More than 15% of American adults, or around 37 million individuals, have chronic renal disease, according to the Centers for Disease Control and Prevention. Limiting sodium, phosphorus, and potassium was a primary emphasis of CKD dietary recommendations until recently. Because of this, many plant foods, such as fruits, vegetables, and whole grains, were traditionally off-limits to those with CKD despite being rich sources of these nutrients. Recent studies have highlighted innovative approaches to the kidney diet, revolutionizing the way we manage renal health.
Focusing on total Kidney Diet quality — which includes more plant foods — is, however, recommended by newer research and guidelines, such as the National Kidney Foundation’s 2020 Kidney Disease Outcomes Quality Initiative (KDOQI) Clinical Practice Guideline for Nutrition in CKD, developed in partnership with the Academy. It is possible that this method, in conjunction with a personalized nutrition intervention, may be more successful in halting CKD’s development than following predetermined dietary limits alone.
The Mediterranean Kidney Diet, the DASH diet, the Nordic diet, and the vegan and vegetarian diet have all been linked to improved kidney function. Following these dietary guidelines has been linked to a lower risk of developing chronic kidney disease. In addition, the course of CKD is generally slowed when patients adopt certain dietary behaviors.
Here Are Some New Approaches to the Kidney Diet ;
1. Protein from Plants Vs. Protein from Animals
Adults with CKD stages 3 through 5 who are “metabolically stable” and not on dialysis are encouraged to restrict their protein intake and be closely monitored, according to the KDOQI recommendations and the Academy’s Evidence Analysis Library. Although both recommendations declare that there is inadequate evidence to suggest either animal or plant protein as superior, they do so based on the best knowledge available as of April 2017. (or through August 2018 for any of the consensus opinion statements).
“While there was insufficient data to support a strong recommendation at that time, additional evidence favoring plant-based proteins has been published since,” says Annamarie Rodriguez, RDN, LD, FAND, who has worked as a nephrology dietitian for nearly 25 years and served on the boards of several renal-related groups and held positions in the Academy and affiliate groups. She also maintains a private practice while working full-time for an infusion firm.
Whether or whether plant proteins are the primary source of protein in the Kidney Diet, there is sufficient evidence to support the advantages of including more plant foods and plant proteins for patients or clients with CKD or at risk for CKD. Collaborative efforts between clinicians, dietitians, and researchers have resulted in multidisciplinary approaches to the kidney diet, ensuring comprehensive care that addresses not only nutritional aspects but also psychosocial and lifestyle factors.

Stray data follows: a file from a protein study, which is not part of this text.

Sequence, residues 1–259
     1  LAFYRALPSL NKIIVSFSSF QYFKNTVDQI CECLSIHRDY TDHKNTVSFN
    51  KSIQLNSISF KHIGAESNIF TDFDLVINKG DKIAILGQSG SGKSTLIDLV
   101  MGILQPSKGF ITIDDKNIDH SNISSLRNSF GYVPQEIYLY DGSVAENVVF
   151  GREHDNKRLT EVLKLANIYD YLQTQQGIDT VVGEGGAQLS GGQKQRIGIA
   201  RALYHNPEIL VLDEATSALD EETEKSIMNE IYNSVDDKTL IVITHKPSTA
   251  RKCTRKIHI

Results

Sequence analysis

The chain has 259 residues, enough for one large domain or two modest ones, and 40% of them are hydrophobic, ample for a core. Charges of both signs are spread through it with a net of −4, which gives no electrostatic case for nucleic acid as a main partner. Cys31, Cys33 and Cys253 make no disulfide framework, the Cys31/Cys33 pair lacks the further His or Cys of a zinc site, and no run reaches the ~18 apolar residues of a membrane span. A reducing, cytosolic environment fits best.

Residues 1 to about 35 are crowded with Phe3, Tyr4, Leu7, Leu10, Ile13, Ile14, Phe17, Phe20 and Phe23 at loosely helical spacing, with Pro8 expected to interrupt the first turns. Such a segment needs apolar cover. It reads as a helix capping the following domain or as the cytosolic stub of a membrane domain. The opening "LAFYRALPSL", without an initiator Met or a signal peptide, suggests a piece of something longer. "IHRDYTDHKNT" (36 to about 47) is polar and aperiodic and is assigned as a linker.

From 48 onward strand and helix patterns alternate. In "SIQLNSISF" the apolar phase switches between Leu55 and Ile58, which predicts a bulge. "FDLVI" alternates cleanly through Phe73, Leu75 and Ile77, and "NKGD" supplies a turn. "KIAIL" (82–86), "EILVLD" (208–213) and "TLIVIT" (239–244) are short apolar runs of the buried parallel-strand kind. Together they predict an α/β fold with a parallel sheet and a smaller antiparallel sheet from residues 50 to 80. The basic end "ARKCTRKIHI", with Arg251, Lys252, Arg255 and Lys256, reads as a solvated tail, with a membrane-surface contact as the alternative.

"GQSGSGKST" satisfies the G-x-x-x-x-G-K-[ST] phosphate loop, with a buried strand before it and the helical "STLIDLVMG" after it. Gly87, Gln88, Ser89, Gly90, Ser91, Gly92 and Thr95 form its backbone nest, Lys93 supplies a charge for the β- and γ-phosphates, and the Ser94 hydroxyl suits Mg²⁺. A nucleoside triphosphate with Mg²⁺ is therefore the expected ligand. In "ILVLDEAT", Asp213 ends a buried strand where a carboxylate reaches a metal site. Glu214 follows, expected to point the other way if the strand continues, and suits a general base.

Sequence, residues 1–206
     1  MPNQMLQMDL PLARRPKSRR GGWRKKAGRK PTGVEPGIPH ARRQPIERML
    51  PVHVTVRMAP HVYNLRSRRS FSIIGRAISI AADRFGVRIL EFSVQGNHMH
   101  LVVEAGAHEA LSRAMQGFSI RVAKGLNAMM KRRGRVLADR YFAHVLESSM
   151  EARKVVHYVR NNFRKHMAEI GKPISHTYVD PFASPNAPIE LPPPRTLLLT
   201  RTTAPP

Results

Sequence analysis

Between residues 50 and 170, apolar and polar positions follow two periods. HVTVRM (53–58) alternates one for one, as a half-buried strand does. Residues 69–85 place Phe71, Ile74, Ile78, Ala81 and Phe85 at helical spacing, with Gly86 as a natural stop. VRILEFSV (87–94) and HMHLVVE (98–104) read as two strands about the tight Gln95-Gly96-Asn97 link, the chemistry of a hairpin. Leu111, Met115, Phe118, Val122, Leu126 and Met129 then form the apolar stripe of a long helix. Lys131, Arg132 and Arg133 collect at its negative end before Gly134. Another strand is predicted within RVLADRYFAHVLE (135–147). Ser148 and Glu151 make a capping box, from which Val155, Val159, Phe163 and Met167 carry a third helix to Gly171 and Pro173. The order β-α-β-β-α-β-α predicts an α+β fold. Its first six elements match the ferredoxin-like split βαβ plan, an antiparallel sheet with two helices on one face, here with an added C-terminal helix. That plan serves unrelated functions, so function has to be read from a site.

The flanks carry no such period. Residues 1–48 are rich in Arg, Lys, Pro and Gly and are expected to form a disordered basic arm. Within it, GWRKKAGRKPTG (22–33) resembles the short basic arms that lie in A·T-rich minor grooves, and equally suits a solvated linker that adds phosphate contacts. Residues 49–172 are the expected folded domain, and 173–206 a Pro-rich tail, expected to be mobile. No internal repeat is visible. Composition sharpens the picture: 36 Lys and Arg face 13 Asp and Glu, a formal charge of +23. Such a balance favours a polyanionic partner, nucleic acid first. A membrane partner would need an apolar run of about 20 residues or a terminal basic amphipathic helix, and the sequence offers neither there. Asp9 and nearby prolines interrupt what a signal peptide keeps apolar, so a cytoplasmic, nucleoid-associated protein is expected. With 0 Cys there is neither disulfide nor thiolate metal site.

2. Plant foods’ effects on chronic kidney disease
Potential advantages of a plant-based Kidney Diet and plant-based protein consumption for people with CKD include reduced inflammation, decreased uremic toxins, decreased metabolic acidosis, an improved gut microbiome due to an increase in fiber intake, and a decreased bioavailability of certain nutrients, including phosphorus and potassium.
Inflammation and inflammatory co-morbidities are more common in people with CKD. Type 2 diabetes affects 40 percent of those with CKD, whereas cardiovascular disease affects 65 percent and hypertension affects 50 percent to 75 percent. People with CKD have a higher risk of dying from cardiovascular disease than the general population. In the approaches to the kidney diet, a mindful approach to phosphorus consumption is crucial to prevent mineral imbalances and maintain bone health.
Comorbidities and inflammation are reduced in those who follow plant-based Kidney Diets like the Mediterranean, DASH, vegan, and vegetarian. A 2019 research indicated heart-protective advantages from consuming at least 800 grams, or roughly five servings, of fruits and vegetables daily. In addition, according to Rodriguez, there is a plethora of epidemiological research that points to the preventive and anti-inflammatory advantages of greater fruit and vegetable diet.
When considering the comorbid diseases and inflammatory response mechanisms that are activated by CKD, “the phytochemicals and antioxidants in fruits and vegetables are extremely critical to what our patients require,” adds Rodriguez. “The healthier and more natural approach is to load up on fruits and veggies.”
4. A Condition Known as Metabolic Acidosis
Because of the kidney’s diminished capacity to filter and remove acids via urine, metabolic acidosis, or an excess of acids in the blood, may be both a cause and an effect of CKD. An excessive amount of acid in the body’s fluids may cause or exacerbate a variety of health problems, including brittle bones, insulin resistance, squandering of muscle protein and energy, and the progression of kidney disease.